A brief walk in the woods, as one storm clears.

[Mr Blue Sky \\ ELO]

Chapter 64.3

Sumner and Henry decided to walk to the steak place, and while Dana chose to ride on her father’s shoulders, she had grown so much over the last couple of hours that he was having quite a time of it. But handling her steadily increasing weight wasn’t the only problem, so when Tracy and the Old Man passed in a taxi, and as Sumner had just about decided that automobiles weren’t so bad after all, the burdens of fatherhood took on a whole new patina to Henry Taggart. After a half hour walk he was now well and truly tired.

But eating animal flesh was, however, a step too far for Dana. When Henry described what a steak was to her, and more to the point where steaks came from, she shrieked in terror and ran from the restaurant, Henry in hot pursuit. He talked her into trying the salad bar at a nearby seafood restaurant, and she seemed mollified by his sudden change of heart.

“Who told you it was bad to eat meat?” he asked her as she fumbled with her fork — yet another ‘new’ experience that evening.

“Isn’t that self-evident, Father?” she replied, the tone of her chiding retort at once admonishing and pedantic, and which Henry thought sounded an awful lot like Brendan Geddes — with a nice melange of Debra tossed on top just for good measure.

“Well, maybe, but human evolved over time to be omnivores, not herbivores. By the way, do you know the difference between those two words?”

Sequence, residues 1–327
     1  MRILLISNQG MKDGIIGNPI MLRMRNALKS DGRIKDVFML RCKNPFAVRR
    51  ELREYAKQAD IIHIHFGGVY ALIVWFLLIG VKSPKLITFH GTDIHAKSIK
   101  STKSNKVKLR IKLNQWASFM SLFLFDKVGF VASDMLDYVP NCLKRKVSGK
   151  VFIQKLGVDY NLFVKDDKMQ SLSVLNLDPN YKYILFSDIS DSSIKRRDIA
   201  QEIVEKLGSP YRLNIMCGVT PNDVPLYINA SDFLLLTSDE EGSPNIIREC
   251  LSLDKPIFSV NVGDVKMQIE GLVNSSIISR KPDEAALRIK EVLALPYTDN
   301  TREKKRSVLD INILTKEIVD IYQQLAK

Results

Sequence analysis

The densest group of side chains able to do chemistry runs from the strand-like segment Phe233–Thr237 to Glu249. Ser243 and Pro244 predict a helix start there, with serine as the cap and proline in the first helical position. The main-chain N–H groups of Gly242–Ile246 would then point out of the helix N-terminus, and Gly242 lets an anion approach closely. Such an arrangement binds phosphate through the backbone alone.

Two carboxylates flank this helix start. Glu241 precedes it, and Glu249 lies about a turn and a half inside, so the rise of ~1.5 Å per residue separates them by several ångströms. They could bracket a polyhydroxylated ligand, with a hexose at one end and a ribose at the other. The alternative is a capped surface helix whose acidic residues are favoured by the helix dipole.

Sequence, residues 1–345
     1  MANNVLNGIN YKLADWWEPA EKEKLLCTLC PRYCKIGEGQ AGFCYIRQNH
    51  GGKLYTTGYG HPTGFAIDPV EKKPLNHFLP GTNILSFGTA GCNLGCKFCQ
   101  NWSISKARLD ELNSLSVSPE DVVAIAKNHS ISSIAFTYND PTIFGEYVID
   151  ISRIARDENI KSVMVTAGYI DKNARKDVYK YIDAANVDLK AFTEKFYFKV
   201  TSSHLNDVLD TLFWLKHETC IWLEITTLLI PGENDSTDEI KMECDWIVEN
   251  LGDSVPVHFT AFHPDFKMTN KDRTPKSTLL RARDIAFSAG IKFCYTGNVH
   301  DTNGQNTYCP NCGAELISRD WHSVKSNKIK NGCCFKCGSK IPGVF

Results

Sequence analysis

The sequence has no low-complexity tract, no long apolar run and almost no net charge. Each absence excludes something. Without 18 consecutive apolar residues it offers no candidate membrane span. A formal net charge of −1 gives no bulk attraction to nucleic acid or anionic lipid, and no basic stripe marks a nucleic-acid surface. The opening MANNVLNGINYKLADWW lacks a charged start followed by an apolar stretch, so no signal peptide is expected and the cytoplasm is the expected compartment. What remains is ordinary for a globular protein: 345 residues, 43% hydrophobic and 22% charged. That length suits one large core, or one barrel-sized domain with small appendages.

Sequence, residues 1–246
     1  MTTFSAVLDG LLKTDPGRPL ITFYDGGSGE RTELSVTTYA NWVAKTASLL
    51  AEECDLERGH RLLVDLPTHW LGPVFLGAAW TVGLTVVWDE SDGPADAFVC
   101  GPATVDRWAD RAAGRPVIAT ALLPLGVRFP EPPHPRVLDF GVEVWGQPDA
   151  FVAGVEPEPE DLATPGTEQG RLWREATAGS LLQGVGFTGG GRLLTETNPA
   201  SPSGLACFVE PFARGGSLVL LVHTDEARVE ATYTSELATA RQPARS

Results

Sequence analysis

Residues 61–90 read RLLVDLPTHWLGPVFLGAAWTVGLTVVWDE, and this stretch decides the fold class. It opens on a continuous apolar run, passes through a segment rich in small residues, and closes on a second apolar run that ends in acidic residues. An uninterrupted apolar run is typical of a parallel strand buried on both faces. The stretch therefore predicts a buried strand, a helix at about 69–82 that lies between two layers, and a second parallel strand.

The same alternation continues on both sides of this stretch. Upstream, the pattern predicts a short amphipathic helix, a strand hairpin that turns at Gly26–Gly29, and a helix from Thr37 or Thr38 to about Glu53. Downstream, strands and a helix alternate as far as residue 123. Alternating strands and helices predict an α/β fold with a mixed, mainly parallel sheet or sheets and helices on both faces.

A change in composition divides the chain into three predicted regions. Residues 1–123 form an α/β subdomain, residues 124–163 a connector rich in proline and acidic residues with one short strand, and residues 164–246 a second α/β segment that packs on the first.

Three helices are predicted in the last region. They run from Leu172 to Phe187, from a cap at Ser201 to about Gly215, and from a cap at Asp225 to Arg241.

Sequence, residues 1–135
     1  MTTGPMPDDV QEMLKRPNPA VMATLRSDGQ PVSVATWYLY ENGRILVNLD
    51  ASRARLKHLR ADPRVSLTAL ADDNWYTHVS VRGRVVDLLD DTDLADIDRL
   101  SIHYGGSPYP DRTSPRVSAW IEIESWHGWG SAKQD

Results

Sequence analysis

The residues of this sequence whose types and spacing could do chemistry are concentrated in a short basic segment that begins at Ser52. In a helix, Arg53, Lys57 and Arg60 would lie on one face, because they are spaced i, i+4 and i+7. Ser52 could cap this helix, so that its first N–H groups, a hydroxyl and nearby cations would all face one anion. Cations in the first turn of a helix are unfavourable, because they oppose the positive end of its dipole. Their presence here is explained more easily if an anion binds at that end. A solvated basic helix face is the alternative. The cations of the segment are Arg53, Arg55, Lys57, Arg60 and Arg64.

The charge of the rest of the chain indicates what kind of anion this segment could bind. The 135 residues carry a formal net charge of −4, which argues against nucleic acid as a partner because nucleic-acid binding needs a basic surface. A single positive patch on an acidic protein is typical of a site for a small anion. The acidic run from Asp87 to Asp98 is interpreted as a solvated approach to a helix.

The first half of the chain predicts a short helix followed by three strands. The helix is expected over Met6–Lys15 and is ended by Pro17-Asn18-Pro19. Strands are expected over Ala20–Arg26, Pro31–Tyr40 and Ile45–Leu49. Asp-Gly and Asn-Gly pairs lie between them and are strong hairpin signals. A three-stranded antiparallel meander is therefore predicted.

And he watched her closely just then, because he’d had a sneaking suspicion, a hunch that just wouldn’t go away, and as he watched her formulating a response that answer seemed to fall into place.

Because she paused, almost like a computer seeking out the allotted space on a drive where certain bits of knowledge were stored, and within that pause she almost seemed closed off to the external world.

And only after a few moments did her reply take shape. “Yes, Father, I think so. A herbivore eats grasses and foliage, whereas an omnivore eats everything.”

“That’s correct. Can you tell me where you learned that information?”

“I’m not sure, Father.”

“Can you tell me if this knowledge came from outside of yourself?”

“I’m not sure, Father, but I think that may be true.”

He held up a piece of smoked salmon, then he looked her in the eye: “Would you try this for me, please?”

“What is it, Father?”

“It’s called salmon. It’s a fish that lives in the sea.”

“I cannot eat that, Father.”

“Okay. Do you like your salad?”

“Yes, very much.”

“Which things do you like the most?”

She pointed at pickled beets and asparagus spears, foods with a high mineral content, and he nodded. “Why do you ask, Father?”

“Well, when I go to the store to buy food for you to eat, now I’ll know what to buy.”

“But I don’t need to eat, Father.”

“Really? What about fluids? Do you need to drink things like water, or…milk?”

“I need complex carbohydrates.”

He looked around the table and all he had to choose from was water, orange juice, and his beer, a Budweiser in a frosty long-necked bottle. “Try the orange juice,” he said, moving the glass close to her.